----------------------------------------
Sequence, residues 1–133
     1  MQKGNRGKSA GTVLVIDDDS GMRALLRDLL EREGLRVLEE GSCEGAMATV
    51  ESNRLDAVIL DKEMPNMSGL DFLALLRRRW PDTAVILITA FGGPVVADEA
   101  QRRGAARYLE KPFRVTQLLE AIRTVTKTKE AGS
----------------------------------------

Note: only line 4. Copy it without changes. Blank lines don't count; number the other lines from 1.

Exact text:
   101  QRRGAARYLE KPFRVTQLLE AIRTVTKTKE AGS